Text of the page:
Promoting responsible sexual behavior through a college freshman seminar

J. C. Turner, C. Z. Garrison, E. Korpita, J. Waller, C. Addy, W. R. Hill, L. A. Mohn

Research output: Contribution to journalArticlepeer-review

16 Scopus citations


A sexual health curriculum has been incorporated into our university's freshman seminar. The effectiveness of this program in changing sexuality-related knowledge, attitude, and behavior in college freshmen was studied. Seven hundred eighty-six freshmen students enrolled in 37 randomly selected English classes were surveyed at baseline and at 3 months. Survey outcome measurements included: knowledge regarding sexually transmitted diseases (STDs), attitudes about sexual behavior, and behaviors including the frequency of barrier contraceptive use, abstinence, and the number of sexual partners. At postintervention, mean knowledge, attitude, and behavior scores were significantly higher for those simultaneously enrolled in the freshman seminar than for those not enrolled. Abstinence among males in the seminar increased. White males in the seminar were more likely to be abstinent or to use a condom than nonwhites. Females not participating in the intervention reported increased frequency of 'never' using condoms and decreased frequency of condom use at last intercourse. Students participating in a sexual health curriculum in a college freshman seminar report less frequent high-risk sexual behaviors than students not participating in the seminar.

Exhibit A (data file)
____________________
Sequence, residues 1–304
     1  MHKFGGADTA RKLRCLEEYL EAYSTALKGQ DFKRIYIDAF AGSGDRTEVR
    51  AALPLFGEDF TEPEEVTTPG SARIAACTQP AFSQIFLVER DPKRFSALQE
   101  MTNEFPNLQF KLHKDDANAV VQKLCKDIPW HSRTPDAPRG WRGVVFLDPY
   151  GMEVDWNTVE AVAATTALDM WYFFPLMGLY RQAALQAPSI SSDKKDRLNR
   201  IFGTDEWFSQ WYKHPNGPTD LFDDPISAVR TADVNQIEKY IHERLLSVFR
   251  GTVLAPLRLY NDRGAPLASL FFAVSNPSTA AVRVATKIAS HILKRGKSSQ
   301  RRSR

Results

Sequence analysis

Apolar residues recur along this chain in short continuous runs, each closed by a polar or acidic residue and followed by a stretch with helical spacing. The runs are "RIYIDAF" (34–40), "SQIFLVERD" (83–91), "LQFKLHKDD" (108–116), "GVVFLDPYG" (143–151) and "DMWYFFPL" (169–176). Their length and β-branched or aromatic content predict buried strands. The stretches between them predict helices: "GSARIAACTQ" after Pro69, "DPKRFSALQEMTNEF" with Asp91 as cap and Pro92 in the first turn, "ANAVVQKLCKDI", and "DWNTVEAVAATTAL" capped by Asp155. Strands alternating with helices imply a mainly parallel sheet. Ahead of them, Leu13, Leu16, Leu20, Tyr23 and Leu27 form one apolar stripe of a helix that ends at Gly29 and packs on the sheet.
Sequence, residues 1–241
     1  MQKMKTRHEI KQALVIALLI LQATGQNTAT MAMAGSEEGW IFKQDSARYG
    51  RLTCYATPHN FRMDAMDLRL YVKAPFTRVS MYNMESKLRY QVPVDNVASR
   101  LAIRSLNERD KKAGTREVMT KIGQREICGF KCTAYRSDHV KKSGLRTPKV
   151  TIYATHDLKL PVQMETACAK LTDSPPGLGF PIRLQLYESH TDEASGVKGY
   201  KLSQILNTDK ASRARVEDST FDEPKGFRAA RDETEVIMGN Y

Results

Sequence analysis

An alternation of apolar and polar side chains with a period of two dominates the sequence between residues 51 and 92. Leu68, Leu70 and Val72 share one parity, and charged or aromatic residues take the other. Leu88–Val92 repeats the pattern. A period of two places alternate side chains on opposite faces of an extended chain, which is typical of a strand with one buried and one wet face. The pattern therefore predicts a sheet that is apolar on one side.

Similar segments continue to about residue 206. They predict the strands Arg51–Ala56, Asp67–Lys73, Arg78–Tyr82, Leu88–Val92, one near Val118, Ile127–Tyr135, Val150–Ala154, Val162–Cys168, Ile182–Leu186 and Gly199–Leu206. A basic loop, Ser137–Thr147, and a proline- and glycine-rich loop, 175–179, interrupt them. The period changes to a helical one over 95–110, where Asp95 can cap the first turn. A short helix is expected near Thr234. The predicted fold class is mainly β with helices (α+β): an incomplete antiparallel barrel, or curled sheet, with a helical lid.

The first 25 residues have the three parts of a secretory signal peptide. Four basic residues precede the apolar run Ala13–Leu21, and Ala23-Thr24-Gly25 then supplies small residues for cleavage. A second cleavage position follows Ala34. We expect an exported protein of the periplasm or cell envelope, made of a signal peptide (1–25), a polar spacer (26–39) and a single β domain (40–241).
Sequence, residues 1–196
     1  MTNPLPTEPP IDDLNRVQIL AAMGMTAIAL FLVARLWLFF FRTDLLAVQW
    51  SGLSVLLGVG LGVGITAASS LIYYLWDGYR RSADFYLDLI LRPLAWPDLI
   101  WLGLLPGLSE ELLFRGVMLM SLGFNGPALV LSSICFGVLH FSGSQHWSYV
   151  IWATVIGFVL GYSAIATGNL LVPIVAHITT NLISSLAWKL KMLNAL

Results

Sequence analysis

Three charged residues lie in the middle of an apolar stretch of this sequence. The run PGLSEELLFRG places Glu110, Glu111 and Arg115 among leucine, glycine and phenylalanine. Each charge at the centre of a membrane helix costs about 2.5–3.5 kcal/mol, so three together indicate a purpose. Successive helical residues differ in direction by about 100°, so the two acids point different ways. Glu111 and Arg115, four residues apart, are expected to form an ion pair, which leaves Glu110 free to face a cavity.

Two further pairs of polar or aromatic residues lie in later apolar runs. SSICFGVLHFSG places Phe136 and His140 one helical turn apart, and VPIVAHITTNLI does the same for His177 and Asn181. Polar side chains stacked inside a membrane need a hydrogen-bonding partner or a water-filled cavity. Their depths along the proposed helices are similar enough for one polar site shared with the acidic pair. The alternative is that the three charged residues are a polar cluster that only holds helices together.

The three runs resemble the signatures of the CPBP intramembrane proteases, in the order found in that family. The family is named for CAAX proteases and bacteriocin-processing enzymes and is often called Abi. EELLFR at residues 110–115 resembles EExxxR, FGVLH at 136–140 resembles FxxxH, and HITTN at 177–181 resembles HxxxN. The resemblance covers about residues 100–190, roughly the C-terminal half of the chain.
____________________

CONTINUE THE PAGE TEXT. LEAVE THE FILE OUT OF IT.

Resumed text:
Original languageEnglish (US)
Pages (from-to)266-277
Number of pages12
JournalAIDS Education and Prevention
Issue number3
StatePublished - Jan 1 1994
Externally publishedYes

ASJC Scopus subject areas

  • Health(social science)
  • Public Health, Environmental and Occupational Health
  • Infectious Diseases


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